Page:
SAN JOSE — When Stevie “Melissa” Phillips first arrived at the New Haven Inn in San Jose last month, she was hardly sleeping at night.
A survivor of human trafficking in Fresno, Phillips, who is transgender, was staying at a hotel in San Jose, far away from her former captors. She thought she was safe until terror struck in the night: Two people broke into her room and raped her, she said.
After she got out of the hospital, her case worker told her about New Haven Inn, a newly-opened shelter dedicated to lifting transgender, lesbian, gay, bisexual, questioning and gender non-conforming people out of homelessness.
“When I first got here, my first couple of days, I would jump,” Phillips said. “I’d be nervous and scared. I couldn’t sleep.”
Resident Stevie Melissa Phillips becomes emotional during an interview with this news organization at New Haven Inn, the second LGBTQ-focused shelter in the Bay Area, on June 20, 2019, in San Jose. (Dai Sugano/Bay Area News Group)
Without the shelter, Phillips’ options were limited, she said. Though she’s a native of San Jose, she had been living in Fresno for the past two decades and was long estranged from the family she fled from when she was 14. She didn’t feel safe in mainstream shelters, she said, where derogatory remarks are routine and more extreme forms of sexual harassment commonplace.
“Now I sleep so well,” she said of New Haven. “I’m able to breathe.”
The 20-bed facility opened quietly in December on a residential street in a neighborhood just south of downtown San Jose, and it has gradually been accepting new residents. It’s at capacity now with a waiting list, said Dr. Brian Greenberg, the vice president of programs and services for LifeMoves, the nonprofit that runs New Haven Inn, along with other shelters and supportive services throughout Silicon Valley and the Peninsula.
As only the second LGBTQ shelter in the Bay Area and one of only a small handful in the country, Greenberg said the shelter fills an important niche. Nearly a third of the homeless population in Santa Clara County identifies as LGBTQ, and of the 20 residents in New Haven, over half are in some stage of gender transition, Greenberg said.
A Pride flag is displayed in the kitchen at New Haven Inn, the second LGBTQ-focused shelter in the Bay Area, on June 20, 2019, in San Jose. (Dai Sugano/Bay Area News Group)
“That’s a population that mainstream shelters have struggled to successfully serve,” he said. “And when we talk about successfully serving people, we mean exiting people into permanent housing.”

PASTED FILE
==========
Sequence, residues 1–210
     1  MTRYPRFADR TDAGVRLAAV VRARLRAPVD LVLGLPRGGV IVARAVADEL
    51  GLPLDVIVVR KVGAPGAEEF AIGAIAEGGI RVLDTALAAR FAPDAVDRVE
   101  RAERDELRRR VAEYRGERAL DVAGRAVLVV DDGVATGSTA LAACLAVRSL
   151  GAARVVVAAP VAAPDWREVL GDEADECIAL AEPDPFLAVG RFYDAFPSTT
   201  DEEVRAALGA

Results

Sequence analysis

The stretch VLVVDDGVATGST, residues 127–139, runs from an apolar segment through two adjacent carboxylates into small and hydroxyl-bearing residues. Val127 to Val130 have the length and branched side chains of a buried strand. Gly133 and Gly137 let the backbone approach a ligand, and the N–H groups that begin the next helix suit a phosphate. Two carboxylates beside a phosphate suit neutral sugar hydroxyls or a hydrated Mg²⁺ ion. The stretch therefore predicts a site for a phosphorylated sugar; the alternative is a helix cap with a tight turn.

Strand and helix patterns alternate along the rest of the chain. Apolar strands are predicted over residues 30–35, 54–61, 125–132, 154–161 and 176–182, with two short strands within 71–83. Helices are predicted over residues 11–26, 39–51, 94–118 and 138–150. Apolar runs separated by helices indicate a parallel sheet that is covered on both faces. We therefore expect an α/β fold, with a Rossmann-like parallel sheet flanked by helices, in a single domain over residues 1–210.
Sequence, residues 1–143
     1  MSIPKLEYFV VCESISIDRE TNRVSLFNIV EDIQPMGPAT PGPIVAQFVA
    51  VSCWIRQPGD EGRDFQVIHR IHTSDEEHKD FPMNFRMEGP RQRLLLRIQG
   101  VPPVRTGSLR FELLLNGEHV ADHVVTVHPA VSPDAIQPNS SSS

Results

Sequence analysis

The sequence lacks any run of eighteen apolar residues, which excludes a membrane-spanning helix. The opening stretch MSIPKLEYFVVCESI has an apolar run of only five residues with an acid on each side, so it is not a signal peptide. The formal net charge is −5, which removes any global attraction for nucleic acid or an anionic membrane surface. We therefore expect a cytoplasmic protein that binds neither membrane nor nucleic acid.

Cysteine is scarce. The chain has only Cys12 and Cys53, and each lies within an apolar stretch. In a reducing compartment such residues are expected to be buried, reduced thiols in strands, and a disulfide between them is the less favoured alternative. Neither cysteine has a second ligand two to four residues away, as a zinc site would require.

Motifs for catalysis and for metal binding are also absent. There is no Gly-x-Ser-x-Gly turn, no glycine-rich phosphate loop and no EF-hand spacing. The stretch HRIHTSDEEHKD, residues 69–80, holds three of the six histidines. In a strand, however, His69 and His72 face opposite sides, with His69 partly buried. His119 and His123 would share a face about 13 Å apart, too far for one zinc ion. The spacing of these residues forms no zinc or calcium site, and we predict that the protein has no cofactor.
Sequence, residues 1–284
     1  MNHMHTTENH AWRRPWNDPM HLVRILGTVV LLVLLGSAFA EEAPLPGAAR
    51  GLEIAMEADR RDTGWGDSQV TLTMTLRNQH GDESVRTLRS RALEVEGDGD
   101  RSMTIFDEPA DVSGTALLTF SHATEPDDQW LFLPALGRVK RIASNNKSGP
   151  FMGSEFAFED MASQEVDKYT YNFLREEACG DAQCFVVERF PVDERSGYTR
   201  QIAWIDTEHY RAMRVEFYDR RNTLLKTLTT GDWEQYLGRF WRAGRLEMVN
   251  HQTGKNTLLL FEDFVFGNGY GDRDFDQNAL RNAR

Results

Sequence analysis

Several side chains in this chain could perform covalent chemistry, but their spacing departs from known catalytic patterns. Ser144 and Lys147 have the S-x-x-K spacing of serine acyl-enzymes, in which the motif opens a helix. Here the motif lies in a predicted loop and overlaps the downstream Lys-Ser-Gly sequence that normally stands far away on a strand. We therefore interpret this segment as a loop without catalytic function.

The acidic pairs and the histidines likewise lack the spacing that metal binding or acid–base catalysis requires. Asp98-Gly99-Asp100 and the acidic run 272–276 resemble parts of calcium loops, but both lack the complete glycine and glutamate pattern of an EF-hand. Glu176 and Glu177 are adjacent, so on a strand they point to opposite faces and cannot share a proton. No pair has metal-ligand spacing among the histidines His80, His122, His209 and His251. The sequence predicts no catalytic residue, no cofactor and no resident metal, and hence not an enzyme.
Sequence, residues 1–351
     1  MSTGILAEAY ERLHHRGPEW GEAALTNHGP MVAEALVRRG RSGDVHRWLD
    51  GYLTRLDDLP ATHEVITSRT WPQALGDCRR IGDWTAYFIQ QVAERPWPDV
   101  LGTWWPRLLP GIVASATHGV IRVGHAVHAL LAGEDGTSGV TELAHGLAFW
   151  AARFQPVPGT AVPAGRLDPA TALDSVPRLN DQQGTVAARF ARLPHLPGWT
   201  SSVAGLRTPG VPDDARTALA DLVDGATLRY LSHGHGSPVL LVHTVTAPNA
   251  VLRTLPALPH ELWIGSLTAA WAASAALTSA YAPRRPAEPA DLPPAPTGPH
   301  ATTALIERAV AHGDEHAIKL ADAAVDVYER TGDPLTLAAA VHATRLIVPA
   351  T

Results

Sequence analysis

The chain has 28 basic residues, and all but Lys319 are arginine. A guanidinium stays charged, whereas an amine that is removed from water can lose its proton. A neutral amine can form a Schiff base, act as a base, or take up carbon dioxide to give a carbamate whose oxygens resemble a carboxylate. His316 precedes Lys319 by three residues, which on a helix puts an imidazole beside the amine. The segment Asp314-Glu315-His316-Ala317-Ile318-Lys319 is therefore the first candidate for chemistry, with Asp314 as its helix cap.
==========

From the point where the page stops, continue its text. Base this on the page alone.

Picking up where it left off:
People who identify as lesbian, gay or bisexual often face taller barriers when it comes to securing a job or housing, even in the Bay Area, said Thu-Quynh Phan, a case manager at New Haven who uses the pronouns “they” and “them.”
Add to that an even more entrenched stigma against people who don’t conform to the gender they were assigned at birth, and transgender people have an especially hard time. As someone who identifies as queer, Phan had seen first hand the way societal stigma exacerbates past trauma. Phan had been working at another shelter at LifeMoves and heard New Haven was opening, immediately jumping at the opportunity to apply to work there.
“It’s just practical experience in the queer community,” Phan said. “And I wanted to help make this a safe space for our population because I know what it is that makes it safe.”
Case Manager at LifeMoves Thu-Quynh Phan, right, talks with this news organization while giving a tour of New Haven Inn, the second LGBTQ-focused shelter in the Bay Area, on June 20, 2019, in San Jose. (Dai Sugano/Bay Area News Group)
Phan’s input led to pronoun-identifying name tags that all staff wear and are available for residents to wear, too.There is gender-affirming clothing available to all residents, so they can wear clothes that help them identify with their chosen gender. And while bathrooms, changing rooms and other areas offer privacy, the dormitories and bathrooms are all unisex.
No one is asked “how queer” they are, Phan said. And homophobic, transphobic or other types of bigotry are strictly prohibited.
“It’s hard to overestimate how important non-stigmatizing environments are for homeless populations in general,” Greenberg said. “All the research bears that out that if people feel like they landed in the right place for them, they get better. They are more successful.”
For Phillips, her trauma began with a stigmatizing environment. As a teenager, she began expressing her desire to live as a woman, only to be told by her parents her lifestyle wasn’t welcome in their home. She left, sleeping in the park behind her high school in East San Jose while still attending classes.
She would eventually graduate and start a family of her own, raising four children. Presenting as a man, she suppressed her desire to live as woman for decades, she said. When she finally decided to take the leap to express the gender she always felt was inside her, she and her wife separated and her life began to unravel. She found herself staying in homeless shelters.
“I wanted to live my life,” Phillips said, “and I paid a very, very large price for wanting to live my life.”
Even though she’s only been at New Haven for a month — residents are allowed to stay for 60 to 90 days with exceptions granted on a case-by-case basis — Phillips said so much has already happened for her. She’s been approved for permanent, affordable housing. Her head is getting clearer, and she feels less anxious, she said.
“That’s why I’m so grateful for this place,” she said. “It’s given me so much hope.”
SAN JOSE, CA – JUNE 20: A portrait of a resident Stevie Melissa Phillips at New Haven Inn, the second LGBTQ-focused shelter in the Bay Area, on June 20, 2019, in San Jose. (Dai Sugano/Bay Area News Group)